allowed police to make a warrantless arrest of anyone suspected of being in
the country illegally, but a federal judge Wednesday blocked that and other
portions of the law from taking effect.

In Georgia, the issue of illegal immigrants has become a debating point in the
gubernatorial race. And a recent poll by the Georgia Newspaper Partnership,
which includes the AJC, showed most Georgia voters would support an
Arizona-style law.

Economy drew many

For decades, it was border states like Arizona or ports of entry like New York
that drew most immigrants. But since 2000, Georgia’s foreign-born population
has surged by 58 percent — the second-fastest growth in the United States.

The flow began accelerating as the 1996 Olympics gave Georgia a global stage
and the economy boomed. They came in unprecedented numbers, often
undertaking 18-hour trips from Texas border towns to harvest Vidalia onions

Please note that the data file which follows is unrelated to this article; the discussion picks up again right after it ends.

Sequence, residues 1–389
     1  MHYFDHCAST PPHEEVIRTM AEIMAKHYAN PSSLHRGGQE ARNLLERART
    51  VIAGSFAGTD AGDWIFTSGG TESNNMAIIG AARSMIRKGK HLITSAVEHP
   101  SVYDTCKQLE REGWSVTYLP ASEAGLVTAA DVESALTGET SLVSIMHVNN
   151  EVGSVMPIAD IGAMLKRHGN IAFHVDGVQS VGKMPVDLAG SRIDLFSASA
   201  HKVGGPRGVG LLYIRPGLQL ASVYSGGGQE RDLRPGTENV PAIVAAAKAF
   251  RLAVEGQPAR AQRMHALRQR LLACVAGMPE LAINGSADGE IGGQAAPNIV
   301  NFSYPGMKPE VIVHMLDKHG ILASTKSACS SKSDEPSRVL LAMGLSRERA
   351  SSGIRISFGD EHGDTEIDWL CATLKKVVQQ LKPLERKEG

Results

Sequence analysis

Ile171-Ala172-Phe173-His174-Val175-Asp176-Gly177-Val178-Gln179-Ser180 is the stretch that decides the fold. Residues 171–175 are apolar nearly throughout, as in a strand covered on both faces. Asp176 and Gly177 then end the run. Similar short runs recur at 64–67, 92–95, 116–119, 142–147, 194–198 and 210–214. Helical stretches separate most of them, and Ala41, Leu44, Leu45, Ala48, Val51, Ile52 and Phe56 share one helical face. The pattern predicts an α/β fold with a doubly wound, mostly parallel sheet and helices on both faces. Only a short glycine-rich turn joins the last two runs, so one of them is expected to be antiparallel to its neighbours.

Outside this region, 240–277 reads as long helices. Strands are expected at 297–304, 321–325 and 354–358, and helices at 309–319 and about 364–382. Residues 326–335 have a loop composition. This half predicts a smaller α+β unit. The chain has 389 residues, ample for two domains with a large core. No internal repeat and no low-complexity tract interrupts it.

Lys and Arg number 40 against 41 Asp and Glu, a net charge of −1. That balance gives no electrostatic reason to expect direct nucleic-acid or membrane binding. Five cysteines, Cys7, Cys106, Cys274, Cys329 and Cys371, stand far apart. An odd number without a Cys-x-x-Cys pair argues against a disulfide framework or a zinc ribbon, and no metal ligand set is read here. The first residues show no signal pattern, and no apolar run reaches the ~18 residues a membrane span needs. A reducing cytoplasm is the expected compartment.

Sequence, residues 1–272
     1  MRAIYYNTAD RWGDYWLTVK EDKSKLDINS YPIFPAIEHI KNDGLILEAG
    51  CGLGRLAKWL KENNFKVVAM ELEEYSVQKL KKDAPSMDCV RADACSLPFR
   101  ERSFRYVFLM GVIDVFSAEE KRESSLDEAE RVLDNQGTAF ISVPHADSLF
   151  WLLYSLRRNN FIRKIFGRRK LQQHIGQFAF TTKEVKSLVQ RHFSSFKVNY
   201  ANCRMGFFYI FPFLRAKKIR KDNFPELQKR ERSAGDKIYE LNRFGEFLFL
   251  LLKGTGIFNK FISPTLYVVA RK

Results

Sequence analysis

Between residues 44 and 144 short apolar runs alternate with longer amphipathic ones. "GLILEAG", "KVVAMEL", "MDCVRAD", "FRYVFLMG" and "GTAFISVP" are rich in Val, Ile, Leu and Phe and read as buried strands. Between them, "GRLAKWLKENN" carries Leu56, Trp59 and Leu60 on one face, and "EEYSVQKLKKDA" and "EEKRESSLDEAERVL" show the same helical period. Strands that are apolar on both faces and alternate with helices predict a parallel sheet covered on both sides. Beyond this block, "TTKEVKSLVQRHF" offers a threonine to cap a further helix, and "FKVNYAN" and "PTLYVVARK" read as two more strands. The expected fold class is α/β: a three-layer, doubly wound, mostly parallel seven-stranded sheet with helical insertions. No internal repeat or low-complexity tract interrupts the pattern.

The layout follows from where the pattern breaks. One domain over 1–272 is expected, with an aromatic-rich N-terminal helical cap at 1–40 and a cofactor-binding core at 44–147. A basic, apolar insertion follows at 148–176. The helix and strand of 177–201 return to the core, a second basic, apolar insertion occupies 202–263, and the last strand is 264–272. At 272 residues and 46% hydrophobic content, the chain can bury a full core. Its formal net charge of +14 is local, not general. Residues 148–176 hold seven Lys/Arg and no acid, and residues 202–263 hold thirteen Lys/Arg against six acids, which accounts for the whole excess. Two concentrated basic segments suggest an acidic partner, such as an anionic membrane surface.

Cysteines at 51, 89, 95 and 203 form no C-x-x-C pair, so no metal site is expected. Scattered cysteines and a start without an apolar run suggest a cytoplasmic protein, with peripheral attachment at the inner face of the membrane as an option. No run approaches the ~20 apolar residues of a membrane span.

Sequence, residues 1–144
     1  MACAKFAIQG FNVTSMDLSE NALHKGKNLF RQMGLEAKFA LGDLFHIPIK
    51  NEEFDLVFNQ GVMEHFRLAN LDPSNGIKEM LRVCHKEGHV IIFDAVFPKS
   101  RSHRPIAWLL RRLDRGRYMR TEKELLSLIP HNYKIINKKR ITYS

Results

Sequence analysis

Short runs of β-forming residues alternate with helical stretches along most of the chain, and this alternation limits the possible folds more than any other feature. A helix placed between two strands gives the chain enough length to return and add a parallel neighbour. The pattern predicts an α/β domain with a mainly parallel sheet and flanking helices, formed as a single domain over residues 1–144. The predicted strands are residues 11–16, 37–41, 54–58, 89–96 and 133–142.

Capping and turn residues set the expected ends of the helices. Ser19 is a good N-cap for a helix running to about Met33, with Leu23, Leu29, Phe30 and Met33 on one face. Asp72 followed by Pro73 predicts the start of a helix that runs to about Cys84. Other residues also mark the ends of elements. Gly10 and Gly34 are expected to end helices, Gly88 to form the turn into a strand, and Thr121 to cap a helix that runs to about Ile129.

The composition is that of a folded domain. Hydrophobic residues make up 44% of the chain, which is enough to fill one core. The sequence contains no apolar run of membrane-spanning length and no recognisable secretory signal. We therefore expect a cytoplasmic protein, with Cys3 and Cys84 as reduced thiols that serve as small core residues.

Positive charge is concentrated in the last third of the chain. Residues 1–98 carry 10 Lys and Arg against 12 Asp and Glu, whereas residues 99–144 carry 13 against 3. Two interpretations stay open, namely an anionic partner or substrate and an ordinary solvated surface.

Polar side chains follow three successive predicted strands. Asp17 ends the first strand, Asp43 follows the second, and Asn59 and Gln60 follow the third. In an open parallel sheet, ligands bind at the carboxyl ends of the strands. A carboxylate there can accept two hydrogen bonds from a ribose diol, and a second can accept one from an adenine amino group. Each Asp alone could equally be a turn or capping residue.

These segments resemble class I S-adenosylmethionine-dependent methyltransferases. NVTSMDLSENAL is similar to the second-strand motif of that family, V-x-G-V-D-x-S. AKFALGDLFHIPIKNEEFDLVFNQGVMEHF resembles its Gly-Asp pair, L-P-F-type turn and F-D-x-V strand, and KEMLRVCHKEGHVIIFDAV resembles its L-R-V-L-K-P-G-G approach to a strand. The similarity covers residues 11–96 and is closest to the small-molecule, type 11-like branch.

on South Georgia farms, work in poultry plants and carpet factories in North
Georgia and build thousands of “McMansions” in metro Atlanta.

Two years of recession seem to have tempered the flow, but only a smattering
of the newcomers have left Georgia, according to estimates.

“It used to be six states and you could tell the immigration story. You can’t
do that anymore,” said James Smith, senior economist at the Rand Corp. and
author of “The New Americans: The Economic, Demographic, and Fiscal Impacts
of Immigration.”

“About 10 years ago, they started spreading out to the rest of the country,”
Smith said.

For most of the past two decades, Georgia was one of the country’s most
vibrant economies, with urgent demand for workers to staff restaurants,
hotels and factories, to carry lumber or hammer nails in a near-frenzy of